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October 2008

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U. Lopatkina Interview

HOW DO I LOOK? The Kirov's Uliana Lopatkina on her transformation

It's hard to remember when I first wanted to be a ballerina. My mum loaded me with extra-curricular activities from the age of about four, and I don't remember having any free time as a child. The story goes that I had been left alone in the flat, and when my mother came home from work she discovered that I had somehow worked out how to use the record player, had put on some classical music, and was dancing round the room in some of her clothes. That was when she decided it was worth taking me down to the ballet studio. But she took me to music lessons too. As a small child I was bandy-legged and quite fat, so I hardly think she had thoughts of a ballet career for me at that stage.

Circumstances overtook me. At the age of nine my mother sent me to St Petersburg to attend the Vaganova school [the vocational ballet school that feeds into the Kirov Ballet], and all I remember is that I liked it. I was still chubby then, with very fat cheeks, but once at the school I fell quite seriously ill, and had to have antibiotic injections. That's when I lost the weight. Just the cheeks remained.

I've never had the usual problems of dieting as a dancer. Ever since that time I've been able to eat enormous amounts - even of typical Russian food - and stay thin. I'm 5ft 9in now. And my feet are about size 8. But for most of my time at ballet school I was average height. Then at the age of 15 I put on 8cm in two months. And for my last three years at the Vaganova I was seen as outstandingly tall. But it didn't occur to me it would be a problem. Even when I entered the company, I never imagined I'd be a soloist. There were so many basic technical problems to overcome, I just took each day as it came. I now know many of those problems were to do with my height.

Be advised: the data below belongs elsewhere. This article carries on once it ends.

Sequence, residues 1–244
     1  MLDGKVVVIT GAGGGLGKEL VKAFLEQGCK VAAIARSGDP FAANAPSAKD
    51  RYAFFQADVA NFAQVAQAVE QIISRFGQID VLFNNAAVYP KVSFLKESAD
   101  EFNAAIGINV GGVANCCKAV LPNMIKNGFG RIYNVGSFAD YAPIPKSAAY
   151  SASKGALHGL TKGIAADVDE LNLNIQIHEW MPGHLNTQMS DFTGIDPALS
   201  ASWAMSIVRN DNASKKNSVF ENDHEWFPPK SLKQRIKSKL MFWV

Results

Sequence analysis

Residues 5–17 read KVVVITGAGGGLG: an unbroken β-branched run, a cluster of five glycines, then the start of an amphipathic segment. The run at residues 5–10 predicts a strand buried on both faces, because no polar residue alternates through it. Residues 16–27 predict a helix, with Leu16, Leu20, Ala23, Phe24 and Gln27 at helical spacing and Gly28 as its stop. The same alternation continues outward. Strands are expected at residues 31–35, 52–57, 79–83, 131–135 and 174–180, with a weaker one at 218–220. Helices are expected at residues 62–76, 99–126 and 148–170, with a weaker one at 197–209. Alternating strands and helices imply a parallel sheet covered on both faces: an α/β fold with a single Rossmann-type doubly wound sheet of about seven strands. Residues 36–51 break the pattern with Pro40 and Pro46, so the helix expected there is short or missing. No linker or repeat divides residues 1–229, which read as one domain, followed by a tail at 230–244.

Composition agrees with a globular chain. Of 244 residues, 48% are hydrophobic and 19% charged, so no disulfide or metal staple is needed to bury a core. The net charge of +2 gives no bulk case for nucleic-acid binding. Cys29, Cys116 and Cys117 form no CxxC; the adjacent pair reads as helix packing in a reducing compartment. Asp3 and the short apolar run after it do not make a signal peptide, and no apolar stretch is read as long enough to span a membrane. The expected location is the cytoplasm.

Luckily - there's an big element of luck in this business - one teacher in the company was able to spot my potential and identify why I found things hard. She's half my size, so she couldn't possibly have had the same difficulties. She was simply a brilliant, intuitive teacher. And in the end it was the way she taught me to use these long legs and long arms that got me noticed.
The quality in me people describe - they say I look as if I have no bones - didn't happen by chance. It's something I worked and worked at.

Recently I've had trouble with my hair, which is why I had it cut short. Obviously my body can't cope with the physical pressure I'm under, and my hair got weak and thin. When I do classical ballets like Swan Lake they fix me up with a whole system of hairpieces and pins. Maybe people expect a Russian ballerina to be terribly glamorous off stage. But though I am interested in good clothes, I'm much more interested in feeling comfortable with myself. So mostly I wear simple things, usually black. One problem is that I don't have time to shop. Even when I spend a lot of time on tour in capital cities, I can't go walking on hard pavements when there's a performance in the evening. Another problem is that shops don't have my size - the sleeves are ridiculously short. In any case I'm very aware that cultivating the inner person is more important than worrying about image. I don't wear jewellery. The only thing I always have tucked inside my collar is a cross on a chain that was given to me when I was confirmed. It's not even expensive metal.

I think it would be wrong to want to change anything about the way I look. Though it would be nice to be able to go into a shop and buy ballet shoes anywhere in the world. I get through two pairs a night, and have them specially made because of my foot size. But doing that means I can also have them made slightly differently for different ballets. There can be nuances in a shoe that help in performance. Only subtle, of course, but it helps.